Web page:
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A shorter history of Saturday afternoon.

A long time before the ugly visual numeronym '24/7' became a commercial boast, the end of each week signalled a day and a half of rest. The period of time from midday on Saturday until Monday morning was a welcome release from the endless scheduling of daily life.

But there was a frantic price to be paid for the pleasure of being unhitched from the tyranny of the clock for thirty-six hours. On Saturday mornings I stood, a nine-year-old and several years either side of nine, at the back of a throng of jostling shoppers in a blue-tiled, glass-fronted butcher shop in Moonee Ponds. Amid the smell of sawdust, blood, and raw meat, the butcher signalled the start of his weekly meat auction by waving his knife through the air, as if he were cutting through the stench. Frenzied bargain-hunting shoppers pressed forward and all but fought each other for the trays of weekend-sustaining bounty: chops, scrag-ends, roasts, flaps, oxtails, heads, innards, smallgood end-of-rolls. Moonee Ponds was a suburb to which southern Italian migrants had flocked after the war; the robust bargaining was innate and natural to them. My mother on the other hand held back from the crush, relying instead on her stature, her blonde hair swept back idly under a gay silk scarf, and her smile. The butcher gazed clear across the sea of scrabbling black-clad arms and our weekend meat feasts were guaranteed.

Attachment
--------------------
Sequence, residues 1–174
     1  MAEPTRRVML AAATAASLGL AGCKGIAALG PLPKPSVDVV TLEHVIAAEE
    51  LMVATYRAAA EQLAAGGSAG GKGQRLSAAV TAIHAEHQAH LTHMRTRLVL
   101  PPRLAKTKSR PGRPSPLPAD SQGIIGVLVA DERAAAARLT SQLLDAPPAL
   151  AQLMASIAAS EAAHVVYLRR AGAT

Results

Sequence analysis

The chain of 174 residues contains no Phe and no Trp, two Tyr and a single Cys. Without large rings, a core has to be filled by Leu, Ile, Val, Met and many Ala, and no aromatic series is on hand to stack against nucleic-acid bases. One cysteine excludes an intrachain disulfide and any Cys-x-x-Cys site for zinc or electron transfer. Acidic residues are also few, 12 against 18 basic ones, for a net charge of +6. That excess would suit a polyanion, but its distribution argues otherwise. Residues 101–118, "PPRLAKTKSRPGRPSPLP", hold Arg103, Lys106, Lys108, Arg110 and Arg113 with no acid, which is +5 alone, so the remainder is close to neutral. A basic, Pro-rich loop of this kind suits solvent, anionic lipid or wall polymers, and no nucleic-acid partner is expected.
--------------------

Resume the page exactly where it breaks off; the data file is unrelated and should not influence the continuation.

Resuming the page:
Then noon was heard to be struck from the big octagonal green-neon-outlined clock hanging off the second floor of a building a few shops away, and fifteen minutes later the awning-darkened street was empty following a discordant round of motor engines cranking to life, and then fading; and the shops would sleep until Monday.

Sometimes that sense of quietude - the serenity of nothingness - sweeps back for an (ironically) fleeting moment. One early Saturday afternoon some years ago, I drove north out of Griffith into the great rolling interior of New South Wales; destination hours and miles away, time stretching out like the horizon, and nothing to do except ride the undulations until the sky started to colour with sundown. At some time on that endless afternoon I had driven out of a low mountain pass, gazing down like an explorer over a whole new vista, as violins jousted with electric guitars on some Procol Harum track on the radio. Time had stopped. Nothing to do for thirty-six hours? You should be so lucky.


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  1. As a medical student I spent a month in the UK doing a rotation in plastic surgery. (I cannot think of any way I carried that experience into my current practice, but it was fun.) This was the spring of 1990 and the stores there still closed on Sundays at that time. It was quite an adjustment for me, as the US "blue laws," as they were called, prohibiting businesses from opening on Sunday had been repealed years to decades before. I was chatting with one of the scrub nurses one day and she mentioned that she had worked in the US a year or two back. I asked her what she thought about stores being open on Sunday. She replied that at first she enjoyed the convenience, but after a while she started to miss her quiet Sundays.

    I have to agree. If you want to see what Purgatory is like, shop at a "box store" like IKEA or Costco on a Sunday. It's just awful.


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